Myths And Legends Of Our Own Land, Complete
Page: 240While flying from the people whose declaration of independence had already been written in the blood of the king's troops at Concord, the royal governor—Wentworth—was embarrassed by a wife and a treasure-chest. He had left his mansion, at Smith's Pond, New Hampshire, and was making toward Portsmouth, where he was to enjoy the protection of the British fleet, but the country was up in arms, time was important, and as his wearied horses could not go on without a lightening of the burden, he was forced to leave behind either Lady Wentworth or his other riches. As the lady properly objected to any risk of her own safety, the chest was buried at an unknown spot in the forest, and for a century and more the whereabouts of the Wentworth plate and money-bags have been a matter of search and conjecture.
When the Hessian troops marched from Saratoga to Boston, to take ship after Burgoyne's surrender, they were in wretched condition-war-worn, ragged, and ill fed,—and having much with them in the form of plate and jewels that had been spared by their conquerors, together with some of the money sent from England for their hire, they were in constant fear of attack from the farmers, who, though they had been beaten, continued to regard them with an unfavorable eye. On reaching Dalton, Massachusetts, the Hessians agreed among themselves to put their valuables into a howitzer, which they buried in the woods, intending that some of their number should come back at the close of the war and recover it. An Indian had silently followed them for a long distance, to gather up any unconsidered trifles that might be left in their bivouacs, and he marked the route by blazes on the trees; but if he saw the burial of this novel treasury it meant nothing to him, and the knowledge of the hiding-place was lost. For years the populace kept watch of all strangers that came to town, and shadowed them if they went to the woods, but without result. In about the year 1800 the supposed hiding-place was examined closely and excavations were made, but, as before, nothing rewarded the search.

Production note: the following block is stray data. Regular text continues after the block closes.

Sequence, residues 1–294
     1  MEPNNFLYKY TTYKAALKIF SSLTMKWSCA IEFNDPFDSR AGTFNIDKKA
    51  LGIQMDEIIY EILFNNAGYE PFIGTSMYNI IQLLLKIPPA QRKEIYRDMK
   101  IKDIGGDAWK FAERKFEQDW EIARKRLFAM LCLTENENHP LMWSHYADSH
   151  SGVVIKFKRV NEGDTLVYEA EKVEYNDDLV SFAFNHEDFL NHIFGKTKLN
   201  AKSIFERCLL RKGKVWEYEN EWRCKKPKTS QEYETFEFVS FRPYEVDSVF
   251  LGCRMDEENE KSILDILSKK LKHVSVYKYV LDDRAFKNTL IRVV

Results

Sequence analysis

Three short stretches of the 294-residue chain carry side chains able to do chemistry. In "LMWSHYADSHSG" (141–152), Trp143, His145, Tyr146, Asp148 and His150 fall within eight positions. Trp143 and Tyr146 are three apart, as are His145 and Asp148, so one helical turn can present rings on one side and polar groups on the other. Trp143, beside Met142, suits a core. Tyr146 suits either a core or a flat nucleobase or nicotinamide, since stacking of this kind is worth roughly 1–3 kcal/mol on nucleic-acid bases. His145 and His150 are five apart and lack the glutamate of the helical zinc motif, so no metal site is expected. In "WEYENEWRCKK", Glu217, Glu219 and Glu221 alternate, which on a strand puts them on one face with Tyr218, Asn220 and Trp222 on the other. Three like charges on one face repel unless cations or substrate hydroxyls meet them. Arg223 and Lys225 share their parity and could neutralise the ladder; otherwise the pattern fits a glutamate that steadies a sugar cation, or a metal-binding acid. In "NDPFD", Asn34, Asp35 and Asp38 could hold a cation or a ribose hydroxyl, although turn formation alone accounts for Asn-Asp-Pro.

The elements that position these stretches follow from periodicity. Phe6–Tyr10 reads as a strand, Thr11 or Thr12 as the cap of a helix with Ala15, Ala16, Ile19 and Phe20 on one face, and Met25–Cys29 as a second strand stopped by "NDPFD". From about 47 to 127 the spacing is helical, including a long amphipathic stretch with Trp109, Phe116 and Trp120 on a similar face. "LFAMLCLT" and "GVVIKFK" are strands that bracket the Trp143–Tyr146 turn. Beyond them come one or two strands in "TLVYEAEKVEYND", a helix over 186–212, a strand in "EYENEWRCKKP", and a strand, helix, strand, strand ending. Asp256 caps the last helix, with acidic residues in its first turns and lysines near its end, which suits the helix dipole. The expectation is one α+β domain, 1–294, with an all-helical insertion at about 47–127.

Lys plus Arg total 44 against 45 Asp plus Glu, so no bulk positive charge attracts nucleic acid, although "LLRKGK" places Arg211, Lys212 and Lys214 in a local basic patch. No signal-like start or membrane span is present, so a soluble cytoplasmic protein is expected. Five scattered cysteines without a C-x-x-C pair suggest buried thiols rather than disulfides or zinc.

A tree of unknown age—the Old Elm—stood on Boston Common until within a few years. This veteran, torn and broken by many a gale and lightning-stroke, was a gallows in the last century, and Goody Glover had swung from it in witch-times. On tempestuous nights, when the boughs creaked together, it was said that dark shapes might be seen writhing on the branches and capering about the sward below in hellish glee. On a gusty autumn evening in 1776 a muffled form presented itself, unannounced, at the chamber of Mike Wild, and, after that notorious miser had enough recovered from the fear created by the presence to understand what it said to him, he realized that it was telling him of something that in life it had buried at the foot of the Old Elm. After much hesitancy Mike set forth with his ghostly guide, for he would have risked his soul for money, but on arriving at his destination he was startled to find himself alone. Nothing daunted, he set down his lantern and began to dig. Though he turned up many a rood of soil and sounded with his spade for bags and chests of gold, he found nothing. Strange noises overhead—for the wind was high and the twigs seemed to snicker eerily as they crossed each other-sent thrills along his back from time to time, and he was about to return, half in anger, half in fear, when his spirit visitor emerged from behind the tree and stood before him. The mien was threatening, the nose had reddened and extended, the hair was rumpled, and the brow was scowling. The frown of the gold monster grew more awful, the stare of his eye in the starlight more unbearable, and he was crouching and creeping as if for a spring. Mike could endure no more. He fainted, and awakened in the morning in his own chamber, where, to a neighbor who made an early call, he told—with embellishments—the story of the encounter; but before he had come to the end of the narrative the visitor burst into a roar of laughter and confessed that he had personated the supernatural visitant, having wagered a dozen bottles of wine with the landlord of the Boar's Head that he could get the better of Mike Wild. For all this the old tree bore, for many years, an evil reputation.